Hm, thats funny...a Malevich influence?
So who cares what some crazy Russian painted or thought about in the early part of the Twentieth Century?  The problem is that we live in a world which has been constructed just like the Black Square:  we generate space, spaces where our subjectivity reigns as god.  Think of the architecture and interior design which is most cutting edge.  It is not simply a new idea, or a neat look.  It is saturated with revolution, revolution against the incarnational aspect of the authentic image.  It is designed to allow us to incarnate ourselves in any form we wish.  The void has itself become an idol, as it promises to be the grounds of possibility for our own deification.  

The true black square was the TV screen all along!
Once again, perhaps this does not seem to speak to you or me.  After all, we are hardly avant-garde.  Yet so many nice, young, perfectly Catholic folks are certainly attracted to these trends.  This is not to say that Catholicism should be backward.  It can converse with modern impulses.  And luckily we have a wonderful corporation, Ikea, which mass produces this image, in a conveniently less pretentious appearance to our prudish sensibilities.  But I wonder if what is going on is not just as radical as Malevich (albeit in a more palatably bourgeois strain)?

We spend so much time worrying  about grand-scale social and political issues as Catholics.    But is it possible that we are blind to something that is to the peripheral, that is less evident than any of these issues?  Maybe it is peripheral because it is unimportant, but perhaps we should consider the possibility that it is not a thematic object of our concern because it acts as the unspoken substructure of the world in which we live.  What if the truth was that, after a long day of working in the world, fighting the good fight, reciting apologetics around the water dispenser, we were coming home to a space with an underlying structure that belonged to the enemy?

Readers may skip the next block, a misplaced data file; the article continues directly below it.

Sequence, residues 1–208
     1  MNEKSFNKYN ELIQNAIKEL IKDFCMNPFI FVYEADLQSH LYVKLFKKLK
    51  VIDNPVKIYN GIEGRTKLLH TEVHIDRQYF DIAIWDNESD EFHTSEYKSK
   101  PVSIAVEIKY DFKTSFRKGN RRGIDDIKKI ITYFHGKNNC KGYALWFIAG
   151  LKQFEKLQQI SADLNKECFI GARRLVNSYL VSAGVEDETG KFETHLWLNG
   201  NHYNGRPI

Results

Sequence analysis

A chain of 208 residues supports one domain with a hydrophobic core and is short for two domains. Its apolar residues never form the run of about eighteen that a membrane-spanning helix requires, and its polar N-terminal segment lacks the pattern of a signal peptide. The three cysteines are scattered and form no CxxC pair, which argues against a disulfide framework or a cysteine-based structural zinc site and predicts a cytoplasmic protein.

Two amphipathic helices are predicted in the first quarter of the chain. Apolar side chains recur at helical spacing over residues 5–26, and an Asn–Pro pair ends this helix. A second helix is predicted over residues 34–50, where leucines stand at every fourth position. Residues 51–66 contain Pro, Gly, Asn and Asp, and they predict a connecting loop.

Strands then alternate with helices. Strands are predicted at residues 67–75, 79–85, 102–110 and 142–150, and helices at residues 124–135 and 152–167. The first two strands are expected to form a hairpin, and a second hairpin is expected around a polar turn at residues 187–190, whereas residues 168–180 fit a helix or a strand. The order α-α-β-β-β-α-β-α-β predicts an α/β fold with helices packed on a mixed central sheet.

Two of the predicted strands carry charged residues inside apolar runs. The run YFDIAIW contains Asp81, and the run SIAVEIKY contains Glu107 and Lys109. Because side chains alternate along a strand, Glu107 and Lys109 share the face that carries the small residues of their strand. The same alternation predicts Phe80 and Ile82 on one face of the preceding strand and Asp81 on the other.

Wait!  That looks like my living room!

Or maybe it is just decoration, and who cares?  After all, it doesn't really matter, it's just a matter of taste.  If you think it looks good, who am I to say it is dangerous?  I must be some kind of radical to think that any of this actually matters.

If this is your attitude, then I suppose I would refer you to Part 1.  To my mind, this way of thinking is nearly identical to the belief that it does not matter whether or not we have beautiful churches.  We must be more attentive to the domestic church. It too is a house of God.

1 comment:

  1. I like two things about this post the most: the part about Malevich and the idea that the home is also a house of God.

    It seems to me that Malevich would be disgusted with Ikea; I wonder if he would replace the icon. I have a hard time imagining Malevich being satisfied with what ended up becoming of his black square.

    Perhaps Alexey Steele was right, and maybe he was wrong, but I want to think that Malevich would be one of us and pull a revolver and shoot Ikea.